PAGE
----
1887
Volume 14, Issue 2
  • ISSN 1871-1340
  • E-ISSN: 1871-1375
USD
Buy:$35.00 + Taxes

Abstract

Abstract

This study examines whether the lexical processing of German particle verbs differs from their processing in a semantic network. To this end, we explored whether the processing of particle verbs induces access to the stem (Experiment 1) and to a semantic associate of the stem (Experiment 2). In two cross-modal priming experiments, participants listened to particle verbs that were (a) semantically transparent (e.g. , ‘listen to’), (b) semantically opaque (e.g. , ‘stop’), or (c) form-related (e.g. , ‘mold’) with respect to their stem (e.g., , ‘hear’). Participants made lexical decisions about visually presented stems (e.g., , ‘hear’) and about semantic associates to the stem (e.g., , ‘music’) in Experiments 1 and 2, respectively.

Relative to form controls, semantically transparent and opaque particle verbs induced equivalent stem priming (Experiment 1), indicating that the lexical processing of particle verbs occurs via the stem regardless of semantic transparency. However, neither semantically transparent nor opaque particle verbs primed semantic associates of the stem (Experiment 2). These findings indicate that stem access during lexical processing does not extend to a semantic level where the meaning of the stem is processed. We discuss these findings regarding present models of lexical processing.

Loading

Article metrics loading...

/content/journals/10.1075/ml.00008.smo
2020-01-15
2020-04-08
Loading full text...

Full text loading...

References

  1. Baayen, R. H., Davidson, D. J., & Bates, D. M.
    (2008) Mixed-effects modeling with crossed random effects for subjects and items. Journal of Memory and Language, 59, 390–412. 10.1016/j.jml.2007.12.005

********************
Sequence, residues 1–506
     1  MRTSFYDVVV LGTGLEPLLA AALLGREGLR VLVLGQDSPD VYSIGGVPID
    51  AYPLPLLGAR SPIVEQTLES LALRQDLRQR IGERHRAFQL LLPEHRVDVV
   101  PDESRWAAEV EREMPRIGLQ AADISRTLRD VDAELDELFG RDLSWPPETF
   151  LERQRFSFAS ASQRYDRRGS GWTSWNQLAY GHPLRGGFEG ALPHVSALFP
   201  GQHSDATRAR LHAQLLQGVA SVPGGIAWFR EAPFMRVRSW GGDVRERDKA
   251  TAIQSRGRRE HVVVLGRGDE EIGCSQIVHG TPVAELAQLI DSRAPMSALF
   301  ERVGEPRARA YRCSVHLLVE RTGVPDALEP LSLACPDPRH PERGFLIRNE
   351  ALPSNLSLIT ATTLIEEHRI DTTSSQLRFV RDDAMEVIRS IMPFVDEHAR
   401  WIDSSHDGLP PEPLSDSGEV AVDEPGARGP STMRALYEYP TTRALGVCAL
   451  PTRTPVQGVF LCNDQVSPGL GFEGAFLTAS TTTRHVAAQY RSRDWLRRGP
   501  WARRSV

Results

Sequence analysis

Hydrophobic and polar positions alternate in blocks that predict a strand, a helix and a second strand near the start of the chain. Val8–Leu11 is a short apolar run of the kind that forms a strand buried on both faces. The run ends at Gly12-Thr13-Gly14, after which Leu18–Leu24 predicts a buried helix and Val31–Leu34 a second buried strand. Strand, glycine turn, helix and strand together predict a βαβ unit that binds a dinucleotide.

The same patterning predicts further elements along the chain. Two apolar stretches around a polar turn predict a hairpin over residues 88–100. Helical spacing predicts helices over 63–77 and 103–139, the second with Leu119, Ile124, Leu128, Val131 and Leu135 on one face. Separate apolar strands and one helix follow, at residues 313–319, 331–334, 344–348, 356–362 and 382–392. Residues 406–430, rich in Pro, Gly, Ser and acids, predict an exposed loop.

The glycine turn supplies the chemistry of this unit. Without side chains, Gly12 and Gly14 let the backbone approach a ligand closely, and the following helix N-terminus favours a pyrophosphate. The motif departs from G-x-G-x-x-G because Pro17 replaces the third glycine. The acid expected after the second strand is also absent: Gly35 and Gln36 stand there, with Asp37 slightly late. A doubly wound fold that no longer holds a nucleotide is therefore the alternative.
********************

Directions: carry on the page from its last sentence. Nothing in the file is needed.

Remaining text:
https://doi.org/10.1016/j.jml.2007.12.005 [Google Scholar]
  2. Baayen, R. H., & Milin, P.
    (2010) Analyzing reaction times. International Journal of Psychological Research, 3(2), 12–28. 10.21500/20112084.807
    https://doi.org/10.21500/20112084.807 [Google Scholar]
  3. Baayen, R. H., Piepenbrock, R., & van Rijn, H.
    (1993) The CELEX lexical database (on CD-ROM). Philadelphia, PA: Linguistic Data Consortium, University of Pennsylvania.
    [Google Scholar]
  4. Baayen, R. H., & Smolka, E.
    (2019) Modeling morphological priming without morphemes. Manuscript submitted for publication.   10.31234/osf.io/nj39v
    https://doi.org/10.31234/osf.io/nj39v [Google Scholar]
  5. Bates, D.
    (2005) Fitting linear mixed models in R. R news, 5(1), 27–30.
    [Google Scholar]
  6. Bodner, G. E., & Masson, M. E. J.
    (2003) Beyond spreading activation: An influence of relatedness proportion on masked semantic priming. Psychonomic Bulletin and Review, 10, 645–652. 10.3758/BF03196527
    https://doi.org/10.3758/BF03196527 [Google Scholar]
  7. Boersma, P., & Weenink, D.
    (2009) Praat: Doing phonetics by computer. Amsterdam. Retrieved fromwww.praat.org/
    [Google Scholar]
  8. Brunel, N., & Lavigne, F.